- Include a column for notes you can refer to later. You can note down details that explain the action you’ve chosen, if it’s not obvious. You could also write brief notes to remind you what needs addressing when the page is repurposed.
- Assign a high, low or medium priority to each page, so you can work on the ones which need the most attention first. Or, you could go for a colour coding system like shown in the example above.
Once you’ve completed your audit, you should be left with a list of pages which support your content marketing strategy and each have a clear goal. Your key pages should also have a home in your site’s structure and support your customer journey.
You can then focus on the actions you assigned to each page and work out if you have any content gaps that need filling.
Who Should Work on Your Content Audit
The actual content audit is best carried out by a writer because they have the knowledge to assess the quality of copy on each page and make sure it fits in with your editorial standards. You’ll also need your writers to help repurpose any pages, or create new ones if you’ve identified content gaps.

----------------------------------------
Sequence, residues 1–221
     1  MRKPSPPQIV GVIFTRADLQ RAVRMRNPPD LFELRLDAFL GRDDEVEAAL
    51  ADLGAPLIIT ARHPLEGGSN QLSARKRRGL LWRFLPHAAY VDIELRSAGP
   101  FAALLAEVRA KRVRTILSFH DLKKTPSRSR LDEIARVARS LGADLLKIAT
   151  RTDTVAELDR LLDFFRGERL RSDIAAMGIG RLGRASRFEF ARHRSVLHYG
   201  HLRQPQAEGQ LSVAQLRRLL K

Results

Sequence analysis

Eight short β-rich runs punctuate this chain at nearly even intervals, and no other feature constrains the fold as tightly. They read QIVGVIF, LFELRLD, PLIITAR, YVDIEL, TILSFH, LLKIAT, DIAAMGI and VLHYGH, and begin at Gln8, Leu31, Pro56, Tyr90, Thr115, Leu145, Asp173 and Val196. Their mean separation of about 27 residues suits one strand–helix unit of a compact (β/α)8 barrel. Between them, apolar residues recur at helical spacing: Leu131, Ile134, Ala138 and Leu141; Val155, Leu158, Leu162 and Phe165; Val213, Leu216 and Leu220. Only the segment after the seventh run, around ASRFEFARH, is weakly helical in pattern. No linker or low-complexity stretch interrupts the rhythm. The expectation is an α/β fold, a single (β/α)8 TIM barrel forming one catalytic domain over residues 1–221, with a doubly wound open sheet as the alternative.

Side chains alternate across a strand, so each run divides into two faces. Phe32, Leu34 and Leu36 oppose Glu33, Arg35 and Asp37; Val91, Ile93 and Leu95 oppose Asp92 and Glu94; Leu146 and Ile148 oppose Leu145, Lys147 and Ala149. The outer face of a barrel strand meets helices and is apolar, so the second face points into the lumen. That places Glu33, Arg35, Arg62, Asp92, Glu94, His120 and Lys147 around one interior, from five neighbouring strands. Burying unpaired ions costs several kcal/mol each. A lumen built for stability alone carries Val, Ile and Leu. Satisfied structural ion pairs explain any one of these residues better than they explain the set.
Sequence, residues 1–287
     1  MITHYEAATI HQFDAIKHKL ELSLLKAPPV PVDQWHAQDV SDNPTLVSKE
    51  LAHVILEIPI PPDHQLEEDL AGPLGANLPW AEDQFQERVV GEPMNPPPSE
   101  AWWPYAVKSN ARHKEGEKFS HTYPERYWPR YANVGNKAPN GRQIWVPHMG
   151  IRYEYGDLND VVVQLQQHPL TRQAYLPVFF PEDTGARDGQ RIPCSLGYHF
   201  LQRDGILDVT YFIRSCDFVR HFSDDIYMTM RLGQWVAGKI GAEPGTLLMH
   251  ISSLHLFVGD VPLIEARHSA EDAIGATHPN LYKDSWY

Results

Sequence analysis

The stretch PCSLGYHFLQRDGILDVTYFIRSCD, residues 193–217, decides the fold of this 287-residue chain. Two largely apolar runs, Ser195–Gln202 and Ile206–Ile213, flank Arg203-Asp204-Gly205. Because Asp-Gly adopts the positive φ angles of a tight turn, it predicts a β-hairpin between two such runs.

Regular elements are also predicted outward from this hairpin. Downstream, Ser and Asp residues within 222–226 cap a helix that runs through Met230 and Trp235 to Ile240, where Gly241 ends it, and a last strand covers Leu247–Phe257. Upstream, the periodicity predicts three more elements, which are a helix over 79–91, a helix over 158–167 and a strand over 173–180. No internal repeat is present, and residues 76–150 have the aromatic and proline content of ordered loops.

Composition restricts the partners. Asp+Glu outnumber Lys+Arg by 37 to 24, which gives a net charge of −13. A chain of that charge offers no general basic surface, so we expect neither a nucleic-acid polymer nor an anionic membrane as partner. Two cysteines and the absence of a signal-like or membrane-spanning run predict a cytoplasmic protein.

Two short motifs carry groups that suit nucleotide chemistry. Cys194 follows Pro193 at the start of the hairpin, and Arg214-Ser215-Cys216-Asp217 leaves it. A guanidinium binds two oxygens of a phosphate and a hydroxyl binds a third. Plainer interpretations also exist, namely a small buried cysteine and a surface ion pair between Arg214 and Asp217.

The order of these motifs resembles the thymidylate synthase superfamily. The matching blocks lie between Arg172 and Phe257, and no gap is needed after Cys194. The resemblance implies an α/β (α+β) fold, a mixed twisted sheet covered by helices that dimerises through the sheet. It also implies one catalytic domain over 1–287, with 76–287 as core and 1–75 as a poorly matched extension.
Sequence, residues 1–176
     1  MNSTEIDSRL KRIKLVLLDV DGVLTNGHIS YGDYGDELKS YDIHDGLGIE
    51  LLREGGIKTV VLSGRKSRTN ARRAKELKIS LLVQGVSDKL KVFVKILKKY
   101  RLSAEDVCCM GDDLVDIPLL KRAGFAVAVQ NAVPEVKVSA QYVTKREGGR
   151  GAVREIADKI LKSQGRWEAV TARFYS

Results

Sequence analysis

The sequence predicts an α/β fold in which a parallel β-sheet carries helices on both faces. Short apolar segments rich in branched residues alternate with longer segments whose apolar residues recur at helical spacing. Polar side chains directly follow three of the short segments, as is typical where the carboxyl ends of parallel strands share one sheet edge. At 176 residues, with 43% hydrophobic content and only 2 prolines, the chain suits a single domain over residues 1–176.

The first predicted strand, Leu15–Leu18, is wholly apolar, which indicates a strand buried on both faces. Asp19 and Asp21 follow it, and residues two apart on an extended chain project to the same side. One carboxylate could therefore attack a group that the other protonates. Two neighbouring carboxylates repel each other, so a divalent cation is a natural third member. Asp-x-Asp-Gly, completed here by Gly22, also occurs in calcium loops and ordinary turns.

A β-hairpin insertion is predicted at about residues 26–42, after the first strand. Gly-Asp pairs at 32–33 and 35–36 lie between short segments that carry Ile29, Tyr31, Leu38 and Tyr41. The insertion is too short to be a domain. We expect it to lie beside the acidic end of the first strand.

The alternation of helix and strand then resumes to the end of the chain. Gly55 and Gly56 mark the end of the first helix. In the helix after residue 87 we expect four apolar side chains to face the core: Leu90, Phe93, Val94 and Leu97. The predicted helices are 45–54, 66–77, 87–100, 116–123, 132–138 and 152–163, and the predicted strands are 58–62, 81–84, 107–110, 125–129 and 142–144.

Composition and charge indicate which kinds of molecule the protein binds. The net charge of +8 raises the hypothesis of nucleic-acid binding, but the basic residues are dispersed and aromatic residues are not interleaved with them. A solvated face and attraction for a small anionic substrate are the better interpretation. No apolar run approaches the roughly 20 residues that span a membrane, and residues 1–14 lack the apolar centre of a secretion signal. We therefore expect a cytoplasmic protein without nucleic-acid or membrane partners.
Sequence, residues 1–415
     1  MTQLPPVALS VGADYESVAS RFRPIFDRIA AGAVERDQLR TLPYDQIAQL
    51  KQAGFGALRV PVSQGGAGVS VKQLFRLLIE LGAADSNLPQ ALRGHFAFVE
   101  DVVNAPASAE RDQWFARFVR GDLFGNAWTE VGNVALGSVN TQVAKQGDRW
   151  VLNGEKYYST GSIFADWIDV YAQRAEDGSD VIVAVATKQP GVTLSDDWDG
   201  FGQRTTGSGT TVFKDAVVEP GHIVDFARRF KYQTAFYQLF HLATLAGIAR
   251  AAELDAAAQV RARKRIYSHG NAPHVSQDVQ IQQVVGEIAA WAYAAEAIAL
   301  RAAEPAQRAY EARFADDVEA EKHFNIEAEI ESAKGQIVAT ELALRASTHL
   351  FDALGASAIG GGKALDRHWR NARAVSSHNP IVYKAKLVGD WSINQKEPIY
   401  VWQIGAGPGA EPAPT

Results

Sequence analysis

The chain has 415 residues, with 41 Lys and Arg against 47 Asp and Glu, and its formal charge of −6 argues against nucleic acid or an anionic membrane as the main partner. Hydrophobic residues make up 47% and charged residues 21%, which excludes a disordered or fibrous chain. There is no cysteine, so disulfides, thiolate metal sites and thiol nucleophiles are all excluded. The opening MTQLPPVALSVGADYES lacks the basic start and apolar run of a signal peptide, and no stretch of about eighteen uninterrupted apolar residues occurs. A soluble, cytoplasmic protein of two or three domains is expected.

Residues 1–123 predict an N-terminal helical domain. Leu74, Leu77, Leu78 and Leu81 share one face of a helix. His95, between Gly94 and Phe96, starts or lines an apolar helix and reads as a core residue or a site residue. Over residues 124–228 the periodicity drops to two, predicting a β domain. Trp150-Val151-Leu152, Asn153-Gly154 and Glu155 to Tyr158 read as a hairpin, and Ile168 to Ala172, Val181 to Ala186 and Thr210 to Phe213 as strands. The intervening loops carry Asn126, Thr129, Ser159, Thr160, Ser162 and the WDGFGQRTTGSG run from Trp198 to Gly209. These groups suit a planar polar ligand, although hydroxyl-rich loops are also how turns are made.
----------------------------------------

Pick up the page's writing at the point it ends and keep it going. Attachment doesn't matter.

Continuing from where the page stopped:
If you are carrying out a large content audit, you’ll probably need a team of several writers. Everyone involved in analysing the content should understand your editorial standards and what to look for when they are assessing each page. This is especially important if you are using a temp or intern to help lessen the workload.
The writers will also need the support of subject matter experts like SEOs or web developers. It is a good idea to consult an expert before carrying out actions which could impact your SEO, such as deleting pages. Writers may also need help understanding your content management system and all its capabilities. You may also need to consult stakeholders in your business before deciding whether you need certain pages or not.
Make sure everyone involved in creating your content and uploading it to your site will have the time to carry out the actions. This may include web developers, designers and SEO experts to help with tasks like building new pages, sourcing new images and redirecting pages.
Content audits are very much like that chore you keep putting off but once it’s done it makes your life easier and you wish you’d done it earlier. So, if you’ve been continually relegating your content audit to the bottom of your to-do list now’s the time to tackle it.